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Ericka Barrett
In Memoriam

Ericka Barrett

Professor of Food Microbiology, Emerita

UC Davis

Ericka Lynne Barrett, an outstanding teacher, scientist, colleague, advisor and mentor, died on August 23, 2015. Ericka was central to food microbiology teaching and research at UC Davis. She modernized the food microbiology curriculum in the 80s; ably served as chair of the Department of Food Science in the 90s; and mentored more than a dozen MS and PhD students who have gone on to productive careers in academia, the food industry, biotechnology and health care. Ericka's NIH-funded research program pioneered the genetic and biochemical analysis of anaerobic metabolism in the pathogenic bacterium Salmonella. Long mysterious, this metabolism is now recognized as an important contributor to food-borne illness.

Born July 19, 1944 in Palo Alto, Ericka completed her undergraduate, graduate and postdoctoral training at UC Berkeley. She earned her AB in Bacteriology (1966), graduating Phi Beta Kappa and completing the honors program in Bacteriology with Great Distinction. Ericka continued her graduate training in Bacteriology, conducting her MA (1968) and PhD (1972) research in Michael Doudoroff's laboratory.

The Berkeley Department of Bacteriology was an acclaimed center for bacterial physiology and genetics, and Ericka's scientific career was significantly shaped by the renowned graduate course in microbial metabolism developed and taught by Mike Doudoroff, Roger Stanier, and Edward Adelberg. Part of Ericka's research in the Doudoroff lab identified twenty strains of Pseudomonas that formed a coherent phenotypic group. In 1995 these organisms were reclassified by others as the founding species of a new bacterial genus, Ralstonia, from Ericka's married name during her Berkeley studies.

During her graduate career Ericka gave birth to two daughters, then eventually struck out on her own as a single mother. To support her young family, Ericka took temporary teaching positions at UC Berkeley; Laney and Mills Colleges; and City College of San Francisco. Ericka's teaching ability was already highly developed, and Charles Stewart, Chair of Biology at City College, called her "a gifted teacher."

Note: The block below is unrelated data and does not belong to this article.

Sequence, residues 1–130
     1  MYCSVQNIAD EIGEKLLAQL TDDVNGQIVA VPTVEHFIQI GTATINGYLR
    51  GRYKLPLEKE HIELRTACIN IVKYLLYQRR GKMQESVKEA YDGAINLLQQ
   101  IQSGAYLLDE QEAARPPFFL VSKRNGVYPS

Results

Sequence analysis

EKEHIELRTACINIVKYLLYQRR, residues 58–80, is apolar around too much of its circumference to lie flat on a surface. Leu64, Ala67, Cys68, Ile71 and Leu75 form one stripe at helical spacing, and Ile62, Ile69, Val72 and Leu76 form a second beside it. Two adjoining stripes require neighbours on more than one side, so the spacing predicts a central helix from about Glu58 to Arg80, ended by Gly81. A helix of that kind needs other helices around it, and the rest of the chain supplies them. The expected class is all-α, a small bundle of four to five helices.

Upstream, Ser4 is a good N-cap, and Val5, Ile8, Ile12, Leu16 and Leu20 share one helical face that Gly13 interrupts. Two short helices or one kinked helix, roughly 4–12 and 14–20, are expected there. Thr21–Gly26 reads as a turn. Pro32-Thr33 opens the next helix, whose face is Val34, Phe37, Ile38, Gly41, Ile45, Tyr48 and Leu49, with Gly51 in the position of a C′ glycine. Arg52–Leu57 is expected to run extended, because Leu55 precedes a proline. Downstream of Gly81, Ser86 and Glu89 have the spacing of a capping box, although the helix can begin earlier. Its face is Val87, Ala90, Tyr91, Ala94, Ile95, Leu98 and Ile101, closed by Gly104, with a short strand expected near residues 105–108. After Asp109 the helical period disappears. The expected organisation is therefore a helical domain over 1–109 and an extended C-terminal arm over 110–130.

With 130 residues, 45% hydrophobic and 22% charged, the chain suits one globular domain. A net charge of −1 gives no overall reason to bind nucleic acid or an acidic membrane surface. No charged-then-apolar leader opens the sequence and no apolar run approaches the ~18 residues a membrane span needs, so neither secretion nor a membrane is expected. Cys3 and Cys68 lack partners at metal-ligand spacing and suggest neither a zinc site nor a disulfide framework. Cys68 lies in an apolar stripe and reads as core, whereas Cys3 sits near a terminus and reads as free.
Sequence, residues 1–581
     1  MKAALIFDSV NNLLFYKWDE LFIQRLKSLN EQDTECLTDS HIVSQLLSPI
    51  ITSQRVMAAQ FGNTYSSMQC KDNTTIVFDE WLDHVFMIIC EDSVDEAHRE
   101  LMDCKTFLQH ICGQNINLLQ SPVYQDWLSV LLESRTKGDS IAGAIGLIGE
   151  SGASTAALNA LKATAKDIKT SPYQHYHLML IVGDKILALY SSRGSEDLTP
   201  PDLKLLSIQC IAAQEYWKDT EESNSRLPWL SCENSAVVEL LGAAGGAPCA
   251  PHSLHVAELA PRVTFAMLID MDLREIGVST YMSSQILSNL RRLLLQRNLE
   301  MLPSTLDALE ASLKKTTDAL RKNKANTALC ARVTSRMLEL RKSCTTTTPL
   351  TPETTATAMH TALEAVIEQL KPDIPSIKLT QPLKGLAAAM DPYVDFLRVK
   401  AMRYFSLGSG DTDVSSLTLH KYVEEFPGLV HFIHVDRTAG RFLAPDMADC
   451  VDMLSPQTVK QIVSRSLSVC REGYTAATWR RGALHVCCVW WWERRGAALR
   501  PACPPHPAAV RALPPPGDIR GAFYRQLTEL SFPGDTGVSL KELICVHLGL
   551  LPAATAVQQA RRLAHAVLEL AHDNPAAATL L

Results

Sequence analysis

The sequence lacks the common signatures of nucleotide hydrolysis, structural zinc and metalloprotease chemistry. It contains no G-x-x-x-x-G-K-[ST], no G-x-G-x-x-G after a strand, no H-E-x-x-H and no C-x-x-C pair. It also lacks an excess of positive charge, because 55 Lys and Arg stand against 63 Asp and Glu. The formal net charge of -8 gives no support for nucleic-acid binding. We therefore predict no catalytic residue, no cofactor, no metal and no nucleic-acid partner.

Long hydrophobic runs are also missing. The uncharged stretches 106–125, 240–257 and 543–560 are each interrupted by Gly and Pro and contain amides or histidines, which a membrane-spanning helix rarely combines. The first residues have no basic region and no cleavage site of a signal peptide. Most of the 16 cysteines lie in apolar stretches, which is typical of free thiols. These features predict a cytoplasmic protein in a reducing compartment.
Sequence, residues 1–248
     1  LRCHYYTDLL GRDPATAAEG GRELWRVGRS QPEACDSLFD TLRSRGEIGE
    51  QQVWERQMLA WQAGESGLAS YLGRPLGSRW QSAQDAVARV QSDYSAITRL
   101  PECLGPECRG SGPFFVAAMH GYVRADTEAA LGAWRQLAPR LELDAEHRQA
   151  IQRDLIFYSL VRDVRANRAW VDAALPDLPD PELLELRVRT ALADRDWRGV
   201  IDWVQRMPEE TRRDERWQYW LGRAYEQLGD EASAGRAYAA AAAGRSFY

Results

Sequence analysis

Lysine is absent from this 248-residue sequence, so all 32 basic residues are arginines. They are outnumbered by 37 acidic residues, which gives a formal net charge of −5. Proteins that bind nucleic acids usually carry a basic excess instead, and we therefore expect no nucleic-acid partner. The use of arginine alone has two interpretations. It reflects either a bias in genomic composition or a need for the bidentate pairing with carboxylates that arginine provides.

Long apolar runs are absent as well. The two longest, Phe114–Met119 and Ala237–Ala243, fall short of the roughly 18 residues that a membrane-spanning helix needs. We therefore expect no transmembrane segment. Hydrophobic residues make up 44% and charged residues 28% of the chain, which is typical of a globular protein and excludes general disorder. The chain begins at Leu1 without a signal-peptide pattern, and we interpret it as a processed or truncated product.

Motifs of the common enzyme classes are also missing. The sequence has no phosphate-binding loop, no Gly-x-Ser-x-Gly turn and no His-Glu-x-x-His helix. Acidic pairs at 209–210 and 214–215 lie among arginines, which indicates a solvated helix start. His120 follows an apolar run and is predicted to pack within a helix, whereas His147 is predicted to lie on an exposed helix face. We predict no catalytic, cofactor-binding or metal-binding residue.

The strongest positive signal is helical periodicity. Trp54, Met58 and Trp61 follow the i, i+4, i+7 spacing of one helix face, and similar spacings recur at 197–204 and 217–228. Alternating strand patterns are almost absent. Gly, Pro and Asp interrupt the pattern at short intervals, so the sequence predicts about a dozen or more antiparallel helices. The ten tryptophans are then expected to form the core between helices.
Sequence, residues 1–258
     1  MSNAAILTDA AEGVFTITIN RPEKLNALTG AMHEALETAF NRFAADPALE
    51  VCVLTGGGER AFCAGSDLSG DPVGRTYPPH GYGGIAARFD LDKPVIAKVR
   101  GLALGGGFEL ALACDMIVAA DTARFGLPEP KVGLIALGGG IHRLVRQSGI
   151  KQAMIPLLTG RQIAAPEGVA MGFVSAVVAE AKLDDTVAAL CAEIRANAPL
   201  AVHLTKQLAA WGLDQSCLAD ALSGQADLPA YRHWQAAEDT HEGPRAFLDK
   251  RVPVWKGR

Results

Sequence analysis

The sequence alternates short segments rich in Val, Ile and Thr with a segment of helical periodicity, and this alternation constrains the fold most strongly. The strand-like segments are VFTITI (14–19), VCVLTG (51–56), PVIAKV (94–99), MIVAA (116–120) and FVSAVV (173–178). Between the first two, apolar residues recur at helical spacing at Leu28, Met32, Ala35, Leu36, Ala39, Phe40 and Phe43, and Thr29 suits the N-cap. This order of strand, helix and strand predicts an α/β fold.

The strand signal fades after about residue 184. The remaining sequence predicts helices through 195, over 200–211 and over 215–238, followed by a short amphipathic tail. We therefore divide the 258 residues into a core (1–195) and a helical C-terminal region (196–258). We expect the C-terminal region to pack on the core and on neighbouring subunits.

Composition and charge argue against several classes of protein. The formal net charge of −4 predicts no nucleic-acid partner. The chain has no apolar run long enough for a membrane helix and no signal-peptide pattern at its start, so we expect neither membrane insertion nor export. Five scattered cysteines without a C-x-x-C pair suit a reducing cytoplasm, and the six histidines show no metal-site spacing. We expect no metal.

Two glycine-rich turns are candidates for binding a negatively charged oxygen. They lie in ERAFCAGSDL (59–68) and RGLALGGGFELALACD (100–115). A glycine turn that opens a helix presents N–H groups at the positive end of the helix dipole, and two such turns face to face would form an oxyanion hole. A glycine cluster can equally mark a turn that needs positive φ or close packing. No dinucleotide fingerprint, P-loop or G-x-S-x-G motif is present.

While teaching, Ericka began postdoctoral research with George Chang in the Department of Nutritional Sciences at Berkeley, where she initiated an investigation into the physiological role of anaerobic metabolism in Salmonella, a question that would occupy the remainder of her scientific career. Professor Chang said: "I remember those days as the happiest and most productive of my entire career. Working alongside Ericka made me feel as if I had been touched by the great bacteriological traditions of her mentors, Doudoroff and Stanier. The rest is history that Ericka wrote."

Ericka continued to write that history more fully in 1977, when she accepted an appointment as Assistant Professor in the Department of Food Science at UC Davis. The second woman in a faculty of 27 professors, Ericka built her career with characteristic understated clarity. Attending first to teaching, she thoroughly revised the undergraduate food microbiology curriculum -- initially the laboratory, with food-based experiments to demonstrate general microbiological principles, then the lecture, whose new quality led many programs to include it as an upper division requirement or elective. Under Ericka's guidance this course attracted more than 200 students per quarter.